By Gary M. White, MD
An ulcer is an open area of the skin that will not heal. A shallow ulcer may just lack epidermis, whereas a deeper ulcer may penetrate into the dermis or subcutaneous tissue. Ulcers on the lower legs typically occur from poor circulation but other causes, e.g., pyoderma gangrenosum, must always be considered. A solitary ulcer anywhere may represent a neoplasm or infection. Multiple ulcers may occur in pyoderma gangrenosum or various infections. Any chronic ulcer should be biopsied, even ones on the lower leg, to rule out neoplasm or infection. Cultures for bacteria, fungus, and AFB are often done. The possibility that the patient is creating the ulcer(s) himself (factitial) should be entertained, especially if the ulcer has a geographic shape.
For lesions on the legs that appear due to poor circulation, a general workup can include ankle-brachial index, pedal pulse check, and vascular studies.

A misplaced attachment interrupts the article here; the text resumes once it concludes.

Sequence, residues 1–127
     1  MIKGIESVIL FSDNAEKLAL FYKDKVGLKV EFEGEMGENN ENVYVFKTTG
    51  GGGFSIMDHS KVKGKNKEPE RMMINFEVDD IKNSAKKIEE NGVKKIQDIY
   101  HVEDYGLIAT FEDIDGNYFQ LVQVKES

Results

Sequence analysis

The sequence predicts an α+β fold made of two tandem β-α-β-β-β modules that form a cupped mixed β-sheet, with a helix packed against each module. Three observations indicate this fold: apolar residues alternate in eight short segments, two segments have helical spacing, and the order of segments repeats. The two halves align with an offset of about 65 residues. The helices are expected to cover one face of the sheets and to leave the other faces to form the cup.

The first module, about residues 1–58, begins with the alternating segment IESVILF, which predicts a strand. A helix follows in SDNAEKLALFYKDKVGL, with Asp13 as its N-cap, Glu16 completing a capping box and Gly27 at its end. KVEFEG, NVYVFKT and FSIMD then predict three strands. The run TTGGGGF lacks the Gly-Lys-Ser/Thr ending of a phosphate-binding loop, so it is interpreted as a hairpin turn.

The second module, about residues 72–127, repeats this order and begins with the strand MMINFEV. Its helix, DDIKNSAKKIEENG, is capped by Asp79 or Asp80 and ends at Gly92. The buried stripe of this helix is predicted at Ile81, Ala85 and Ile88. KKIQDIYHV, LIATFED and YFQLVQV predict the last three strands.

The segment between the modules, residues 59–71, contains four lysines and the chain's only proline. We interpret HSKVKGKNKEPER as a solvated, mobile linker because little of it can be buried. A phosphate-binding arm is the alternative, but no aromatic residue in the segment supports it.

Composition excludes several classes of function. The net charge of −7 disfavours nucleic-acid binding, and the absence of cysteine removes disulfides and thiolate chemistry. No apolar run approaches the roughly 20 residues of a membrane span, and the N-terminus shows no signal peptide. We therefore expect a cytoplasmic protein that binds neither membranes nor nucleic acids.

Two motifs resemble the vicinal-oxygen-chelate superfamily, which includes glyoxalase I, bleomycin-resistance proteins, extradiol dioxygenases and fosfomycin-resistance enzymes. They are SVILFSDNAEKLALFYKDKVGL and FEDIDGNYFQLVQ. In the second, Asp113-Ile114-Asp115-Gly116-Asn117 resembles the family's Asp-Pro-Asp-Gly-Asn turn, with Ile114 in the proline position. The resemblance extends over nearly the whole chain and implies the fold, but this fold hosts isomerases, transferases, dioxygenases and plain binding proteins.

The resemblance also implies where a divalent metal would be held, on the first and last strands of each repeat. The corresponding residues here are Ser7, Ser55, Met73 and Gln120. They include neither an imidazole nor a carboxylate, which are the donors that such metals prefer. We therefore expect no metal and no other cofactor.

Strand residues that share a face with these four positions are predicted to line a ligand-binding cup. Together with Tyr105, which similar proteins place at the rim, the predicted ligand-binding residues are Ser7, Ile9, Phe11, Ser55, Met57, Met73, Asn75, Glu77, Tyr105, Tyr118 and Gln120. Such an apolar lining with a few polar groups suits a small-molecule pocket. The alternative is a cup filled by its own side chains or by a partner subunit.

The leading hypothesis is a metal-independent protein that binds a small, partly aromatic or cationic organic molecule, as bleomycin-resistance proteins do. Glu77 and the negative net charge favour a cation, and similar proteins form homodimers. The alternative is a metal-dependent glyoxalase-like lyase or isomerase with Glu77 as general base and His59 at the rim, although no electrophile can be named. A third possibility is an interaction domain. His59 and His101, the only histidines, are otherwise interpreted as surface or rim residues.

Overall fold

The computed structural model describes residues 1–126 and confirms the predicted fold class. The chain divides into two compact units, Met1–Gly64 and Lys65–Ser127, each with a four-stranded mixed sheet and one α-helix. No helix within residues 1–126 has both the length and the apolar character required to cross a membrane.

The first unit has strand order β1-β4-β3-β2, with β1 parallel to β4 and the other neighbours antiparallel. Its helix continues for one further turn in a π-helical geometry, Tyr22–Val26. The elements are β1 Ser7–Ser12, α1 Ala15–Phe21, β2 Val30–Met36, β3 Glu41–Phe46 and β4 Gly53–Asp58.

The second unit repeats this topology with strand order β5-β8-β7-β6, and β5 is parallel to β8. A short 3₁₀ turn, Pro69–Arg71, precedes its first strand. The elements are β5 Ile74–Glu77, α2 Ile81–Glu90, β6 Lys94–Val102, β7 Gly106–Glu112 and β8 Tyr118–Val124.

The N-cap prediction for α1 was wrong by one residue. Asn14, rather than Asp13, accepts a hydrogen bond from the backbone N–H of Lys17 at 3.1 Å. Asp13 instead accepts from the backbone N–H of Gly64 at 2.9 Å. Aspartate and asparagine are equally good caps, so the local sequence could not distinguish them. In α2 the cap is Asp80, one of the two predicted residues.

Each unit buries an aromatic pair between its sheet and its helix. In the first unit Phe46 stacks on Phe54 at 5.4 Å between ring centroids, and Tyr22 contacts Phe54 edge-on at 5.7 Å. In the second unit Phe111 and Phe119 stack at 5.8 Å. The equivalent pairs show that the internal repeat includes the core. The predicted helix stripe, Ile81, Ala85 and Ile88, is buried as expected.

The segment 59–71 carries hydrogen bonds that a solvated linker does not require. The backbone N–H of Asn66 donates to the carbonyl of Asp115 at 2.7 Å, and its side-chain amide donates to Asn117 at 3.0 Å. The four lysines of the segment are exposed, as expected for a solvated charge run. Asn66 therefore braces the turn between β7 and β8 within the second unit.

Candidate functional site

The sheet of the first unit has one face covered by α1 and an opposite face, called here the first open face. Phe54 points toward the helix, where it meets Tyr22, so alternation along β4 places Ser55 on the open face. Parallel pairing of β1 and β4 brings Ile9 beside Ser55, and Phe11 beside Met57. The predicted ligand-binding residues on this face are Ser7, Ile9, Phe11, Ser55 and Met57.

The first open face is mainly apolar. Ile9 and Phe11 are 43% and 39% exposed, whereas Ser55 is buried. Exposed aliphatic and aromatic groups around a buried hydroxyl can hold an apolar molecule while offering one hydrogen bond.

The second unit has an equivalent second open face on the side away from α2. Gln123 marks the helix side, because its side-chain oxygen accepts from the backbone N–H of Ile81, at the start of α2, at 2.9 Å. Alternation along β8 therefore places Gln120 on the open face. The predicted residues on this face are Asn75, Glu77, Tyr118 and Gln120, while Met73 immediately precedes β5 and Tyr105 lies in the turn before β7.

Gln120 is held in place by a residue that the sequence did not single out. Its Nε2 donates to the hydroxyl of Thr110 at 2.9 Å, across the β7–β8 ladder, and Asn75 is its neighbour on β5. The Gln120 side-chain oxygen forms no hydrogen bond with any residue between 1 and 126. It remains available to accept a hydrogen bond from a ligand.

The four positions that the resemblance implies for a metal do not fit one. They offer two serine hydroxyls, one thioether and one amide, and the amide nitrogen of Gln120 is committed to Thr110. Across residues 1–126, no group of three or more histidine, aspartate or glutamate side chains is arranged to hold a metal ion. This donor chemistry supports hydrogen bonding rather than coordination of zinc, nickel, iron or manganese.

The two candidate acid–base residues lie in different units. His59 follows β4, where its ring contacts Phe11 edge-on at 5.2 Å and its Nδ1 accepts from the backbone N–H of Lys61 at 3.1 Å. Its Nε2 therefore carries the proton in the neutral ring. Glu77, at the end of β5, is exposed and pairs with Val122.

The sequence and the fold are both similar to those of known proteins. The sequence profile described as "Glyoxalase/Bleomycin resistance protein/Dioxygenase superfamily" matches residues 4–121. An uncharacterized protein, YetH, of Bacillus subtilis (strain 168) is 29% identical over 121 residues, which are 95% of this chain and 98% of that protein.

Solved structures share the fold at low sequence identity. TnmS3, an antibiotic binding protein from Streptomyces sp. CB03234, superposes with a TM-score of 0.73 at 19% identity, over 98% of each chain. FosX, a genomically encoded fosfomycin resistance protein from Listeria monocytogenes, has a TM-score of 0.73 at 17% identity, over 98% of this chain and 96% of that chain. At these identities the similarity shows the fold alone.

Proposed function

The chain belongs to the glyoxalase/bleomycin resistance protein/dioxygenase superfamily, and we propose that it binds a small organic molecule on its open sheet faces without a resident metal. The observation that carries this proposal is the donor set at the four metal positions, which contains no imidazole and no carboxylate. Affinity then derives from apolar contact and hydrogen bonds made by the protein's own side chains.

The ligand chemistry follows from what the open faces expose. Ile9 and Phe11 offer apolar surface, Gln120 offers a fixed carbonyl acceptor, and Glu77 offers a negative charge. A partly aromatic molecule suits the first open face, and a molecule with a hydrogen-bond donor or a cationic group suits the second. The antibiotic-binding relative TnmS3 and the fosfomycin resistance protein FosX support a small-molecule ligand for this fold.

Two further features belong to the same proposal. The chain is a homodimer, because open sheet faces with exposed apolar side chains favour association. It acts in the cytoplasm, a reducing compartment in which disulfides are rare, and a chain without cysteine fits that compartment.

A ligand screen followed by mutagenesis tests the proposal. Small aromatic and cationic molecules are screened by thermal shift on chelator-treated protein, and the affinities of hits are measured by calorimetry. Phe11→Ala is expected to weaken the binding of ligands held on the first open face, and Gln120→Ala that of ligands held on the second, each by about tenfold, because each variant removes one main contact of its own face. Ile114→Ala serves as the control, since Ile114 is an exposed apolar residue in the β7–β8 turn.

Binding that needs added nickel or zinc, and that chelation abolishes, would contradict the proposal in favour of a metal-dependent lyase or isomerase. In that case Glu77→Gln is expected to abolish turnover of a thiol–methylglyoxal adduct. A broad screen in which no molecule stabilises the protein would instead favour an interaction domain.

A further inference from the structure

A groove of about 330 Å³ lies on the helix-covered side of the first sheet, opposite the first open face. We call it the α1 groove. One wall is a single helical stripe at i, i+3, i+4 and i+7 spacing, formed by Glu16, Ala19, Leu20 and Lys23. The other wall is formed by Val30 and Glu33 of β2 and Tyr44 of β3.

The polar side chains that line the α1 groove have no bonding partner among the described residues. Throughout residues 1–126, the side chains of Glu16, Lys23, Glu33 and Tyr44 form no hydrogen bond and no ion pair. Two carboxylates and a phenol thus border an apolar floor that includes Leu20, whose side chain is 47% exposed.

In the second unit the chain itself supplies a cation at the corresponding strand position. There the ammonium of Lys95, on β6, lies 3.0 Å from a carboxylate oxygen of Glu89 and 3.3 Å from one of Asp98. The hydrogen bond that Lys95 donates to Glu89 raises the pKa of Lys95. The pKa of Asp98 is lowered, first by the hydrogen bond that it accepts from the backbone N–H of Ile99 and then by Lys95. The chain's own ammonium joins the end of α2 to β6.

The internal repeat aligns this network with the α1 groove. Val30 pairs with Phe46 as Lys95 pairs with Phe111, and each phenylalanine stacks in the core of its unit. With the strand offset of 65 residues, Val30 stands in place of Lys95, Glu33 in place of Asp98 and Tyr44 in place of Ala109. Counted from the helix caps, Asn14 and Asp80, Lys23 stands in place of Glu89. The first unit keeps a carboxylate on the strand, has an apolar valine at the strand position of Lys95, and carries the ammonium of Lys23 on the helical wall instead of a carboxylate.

Malignancy (e.g., basal cell carcinoma, squamous cell carcinoma). Here is a basal cell carcinoma x 2 years on the foot, thought to be a stasis ulcer.
Leishmaniasis. Several ulcers developed on the arms of this man 3 months after a trip to Central America.
Metastatic Crohn's Disease
Antiphospholipid Antibody Syndrome
Cryoglobulinemia. Purpura of the legs, cutaneous ulcers, and livedo reticularis. [Clinical and Developmental Immunology Volume 2012 (2012), 11 pages].
Felty Syndrome. The term Felty syndrome has been used to describe the patient with rheumatoid arthritis with leukopenia and splenomegaly. These patients may develop leg ulcers.
Ecthyma. The ulcers of ecthyma tend to be dry, crusted, and on the lower legs.
Sarcoidosis. Sarcoidosis may rarely present with leg ulcers [AD 1987;123;1531].
Sickle Cell Disease
Hydroxyurea. Various skin conditions may occur during therapy with hydroxyurea including chronic leg ulcers.
Klinefelter Syndrome. "Leg Ulcers Associated with Positive Lupus Anticoagulant in Two Cases of Klinefelter’s Syndrome" [Acta Dermato-Venereologica 2011;91;90-1 ].
Secondary Syphilis presenting as multiple ulcers for 3 weeks in an HIV positive man [Dermatology Online Journal 21(3)].
Other causes include infectious (e.g., syphilitic gumma, deep fungal infection), hematopoietic (e.g., cryofibrinogenemia and thalassemia), autoimmune (e.g., rheumatoid arthritis, systemic lupus erythematosus, scleroderma, dermatomyositis).
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